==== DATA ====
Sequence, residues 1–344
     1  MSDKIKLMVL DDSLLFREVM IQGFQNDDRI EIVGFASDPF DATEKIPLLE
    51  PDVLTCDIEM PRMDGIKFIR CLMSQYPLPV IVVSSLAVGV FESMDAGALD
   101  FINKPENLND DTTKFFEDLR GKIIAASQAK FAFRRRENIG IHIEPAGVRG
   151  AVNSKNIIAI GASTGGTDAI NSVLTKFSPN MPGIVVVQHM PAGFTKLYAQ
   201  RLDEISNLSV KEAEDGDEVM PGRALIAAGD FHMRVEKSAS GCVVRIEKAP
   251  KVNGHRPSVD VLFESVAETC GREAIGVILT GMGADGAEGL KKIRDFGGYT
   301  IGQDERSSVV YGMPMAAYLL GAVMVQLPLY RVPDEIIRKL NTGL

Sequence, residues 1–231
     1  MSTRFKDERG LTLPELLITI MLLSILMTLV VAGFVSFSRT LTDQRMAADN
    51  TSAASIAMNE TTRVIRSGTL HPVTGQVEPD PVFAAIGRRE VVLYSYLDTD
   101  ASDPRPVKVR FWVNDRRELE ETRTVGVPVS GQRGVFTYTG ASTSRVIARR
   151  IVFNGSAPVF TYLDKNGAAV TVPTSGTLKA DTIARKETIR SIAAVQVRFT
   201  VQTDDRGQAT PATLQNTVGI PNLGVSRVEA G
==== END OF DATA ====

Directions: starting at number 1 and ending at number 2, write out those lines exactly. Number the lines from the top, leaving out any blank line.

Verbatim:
Sequence, residues 1–344
     1  MSDKIKLMVL DDSLLFREVM IQGFQNDDRI EIVGFASDPF DATEKIPLLE